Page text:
Joint Application Development (JAD) is a process used to collect business requirements while developing new information systems for a company. The JAD process may also include approaches for enhancing user participation, expediting development and improving the quality of specifications. The intention of a JAD session is to pool in subject matter expert’s/Business analyst or IT specialist to bring out solutions.
A Business analyst is the one who interacts with the entire group and gathers the information, analyses it and brings out a document. He plays a very important role in JAD session.
JAD sessions are highly structured, facilitated workshops that bring together customer decision makers and IT staff to produce high quality deliverables in a short period.
In other words, a JAD Session enables customers and developers to quickly come to an agreement on the basic scope, objectives and specifications of a project or in case, not come to an agreement which means the project needs to be re-evaluated.
Simply put, JAD sessions can
Simplify − It consolidates months of meetings and phone calls into a structured workshop.
Identify − Issues and participants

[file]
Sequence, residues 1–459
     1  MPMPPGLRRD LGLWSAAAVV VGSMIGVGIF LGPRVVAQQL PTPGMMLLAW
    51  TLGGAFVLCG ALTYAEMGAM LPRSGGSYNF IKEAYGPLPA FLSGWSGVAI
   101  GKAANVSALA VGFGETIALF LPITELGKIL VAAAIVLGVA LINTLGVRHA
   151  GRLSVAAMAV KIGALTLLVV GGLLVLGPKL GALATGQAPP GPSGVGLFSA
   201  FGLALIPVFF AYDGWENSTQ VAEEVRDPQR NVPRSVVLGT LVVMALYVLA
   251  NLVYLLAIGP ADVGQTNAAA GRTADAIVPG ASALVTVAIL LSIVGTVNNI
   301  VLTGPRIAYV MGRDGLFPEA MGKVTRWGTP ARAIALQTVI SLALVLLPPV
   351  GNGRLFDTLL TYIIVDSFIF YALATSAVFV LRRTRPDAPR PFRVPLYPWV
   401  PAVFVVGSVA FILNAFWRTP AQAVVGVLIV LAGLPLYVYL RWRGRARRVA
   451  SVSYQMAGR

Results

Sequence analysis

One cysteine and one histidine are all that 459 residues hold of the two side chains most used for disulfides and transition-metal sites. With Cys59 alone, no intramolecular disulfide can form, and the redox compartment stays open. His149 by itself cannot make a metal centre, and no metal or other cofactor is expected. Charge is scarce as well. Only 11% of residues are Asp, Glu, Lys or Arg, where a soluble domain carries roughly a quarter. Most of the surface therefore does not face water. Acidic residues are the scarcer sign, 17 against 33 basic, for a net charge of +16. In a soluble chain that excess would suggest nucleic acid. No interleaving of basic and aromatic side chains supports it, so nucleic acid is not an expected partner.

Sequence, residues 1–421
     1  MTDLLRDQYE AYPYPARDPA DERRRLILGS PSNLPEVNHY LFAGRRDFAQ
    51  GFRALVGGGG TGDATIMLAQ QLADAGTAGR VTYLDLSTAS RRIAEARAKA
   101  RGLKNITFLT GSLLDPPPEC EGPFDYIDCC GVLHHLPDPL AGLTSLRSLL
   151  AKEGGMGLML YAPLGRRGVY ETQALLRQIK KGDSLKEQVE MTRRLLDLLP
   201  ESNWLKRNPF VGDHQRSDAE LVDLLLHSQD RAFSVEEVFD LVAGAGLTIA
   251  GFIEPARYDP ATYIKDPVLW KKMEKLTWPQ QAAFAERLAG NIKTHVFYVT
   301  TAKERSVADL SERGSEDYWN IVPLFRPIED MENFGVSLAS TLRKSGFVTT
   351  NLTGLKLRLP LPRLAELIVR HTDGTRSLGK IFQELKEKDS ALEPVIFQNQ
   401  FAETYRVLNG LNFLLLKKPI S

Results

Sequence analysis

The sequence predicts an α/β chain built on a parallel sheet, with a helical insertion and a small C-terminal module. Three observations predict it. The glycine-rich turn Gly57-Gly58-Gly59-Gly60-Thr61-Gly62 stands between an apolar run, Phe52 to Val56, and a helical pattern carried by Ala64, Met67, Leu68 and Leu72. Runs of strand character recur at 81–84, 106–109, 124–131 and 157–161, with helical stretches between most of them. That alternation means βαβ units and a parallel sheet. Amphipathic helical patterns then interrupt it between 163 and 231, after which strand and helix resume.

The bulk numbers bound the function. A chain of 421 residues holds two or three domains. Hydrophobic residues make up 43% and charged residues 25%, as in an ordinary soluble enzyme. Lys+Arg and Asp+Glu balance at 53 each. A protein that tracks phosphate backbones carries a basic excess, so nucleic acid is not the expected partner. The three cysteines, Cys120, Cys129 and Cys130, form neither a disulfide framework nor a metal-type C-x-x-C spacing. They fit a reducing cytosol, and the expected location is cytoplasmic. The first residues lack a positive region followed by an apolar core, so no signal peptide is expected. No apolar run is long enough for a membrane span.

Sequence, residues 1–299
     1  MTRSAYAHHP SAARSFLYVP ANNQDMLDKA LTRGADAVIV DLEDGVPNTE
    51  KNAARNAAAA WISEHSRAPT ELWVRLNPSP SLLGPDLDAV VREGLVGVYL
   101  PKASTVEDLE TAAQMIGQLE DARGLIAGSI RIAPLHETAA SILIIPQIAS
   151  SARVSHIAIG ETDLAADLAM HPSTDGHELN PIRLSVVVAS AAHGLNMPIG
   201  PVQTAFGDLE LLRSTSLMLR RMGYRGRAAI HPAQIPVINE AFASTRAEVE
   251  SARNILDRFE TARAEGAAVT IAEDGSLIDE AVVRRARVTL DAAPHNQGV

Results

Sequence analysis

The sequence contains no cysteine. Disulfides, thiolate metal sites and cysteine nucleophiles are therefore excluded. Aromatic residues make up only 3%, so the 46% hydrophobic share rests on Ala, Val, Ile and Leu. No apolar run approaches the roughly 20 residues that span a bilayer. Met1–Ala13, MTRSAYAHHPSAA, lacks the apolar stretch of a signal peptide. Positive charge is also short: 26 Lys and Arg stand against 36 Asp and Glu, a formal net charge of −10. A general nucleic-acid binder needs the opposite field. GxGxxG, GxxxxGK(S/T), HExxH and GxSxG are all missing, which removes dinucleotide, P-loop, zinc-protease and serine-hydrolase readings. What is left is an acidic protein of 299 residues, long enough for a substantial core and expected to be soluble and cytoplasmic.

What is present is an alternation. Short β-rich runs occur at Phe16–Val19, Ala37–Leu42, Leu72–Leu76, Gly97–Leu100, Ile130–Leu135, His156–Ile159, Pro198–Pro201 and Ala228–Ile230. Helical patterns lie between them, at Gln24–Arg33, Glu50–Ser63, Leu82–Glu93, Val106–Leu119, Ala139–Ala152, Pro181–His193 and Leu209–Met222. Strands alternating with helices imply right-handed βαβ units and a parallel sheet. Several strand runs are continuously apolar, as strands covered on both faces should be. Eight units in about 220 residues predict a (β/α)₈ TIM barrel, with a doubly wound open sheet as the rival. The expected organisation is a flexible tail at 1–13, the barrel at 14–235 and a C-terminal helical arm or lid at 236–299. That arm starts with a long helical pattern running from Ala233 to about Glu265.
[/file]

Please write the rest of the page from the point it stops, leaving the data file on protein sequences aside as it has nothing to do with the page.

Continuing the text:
Quantify − Information and processing needs
Clarify − Crystallize and clarify all requirements agreed upon in the session.
Unify − The output from one phase of development is input to the next.
Satisfy − The customers define the system; therefore, it is their system. Shared participation brings a share in the outcome; they become committed to the systems success.
The participants involved in a JAD session are as follows −
An executive sponsor is the person who drivers the project ─ the system owner. They normally are from higher positions and are able to make decisions and provide necessary strategy, planning and direction.
These are the business users and outside experts who are required for a successful workshop. The subject matter experts are the backbone of the JAD session. They will drive the changes.
He chairs the meeting; he identifies issues that can be solved as part of the meeting. The facilitator does not contribute information to the meeting.
Key users or also called as super users in some instances have been used interchangeable and differs from company to company still. Key users are generally the business users who are more tightly aligned to the IT project and are responsible for the configuration of profiles of their team members during the projects.
For Example: Suppose John is a key user and Nancy, Evan are users of a SAP system. In this instance, Nancy and Evan does not have access to change the functionality and profile whereas John being a Key user has access to edit profile with more authorizations.
The JAD approach, in comparison with the more traditional practice, is thought to lead to faster development times and greater client satisfaction, because the client is involved throughout the development process. In comparison, in the traditional approach to systems development, the developer investigates the system requirements and develops an application, with client input consisting of a series of interviews.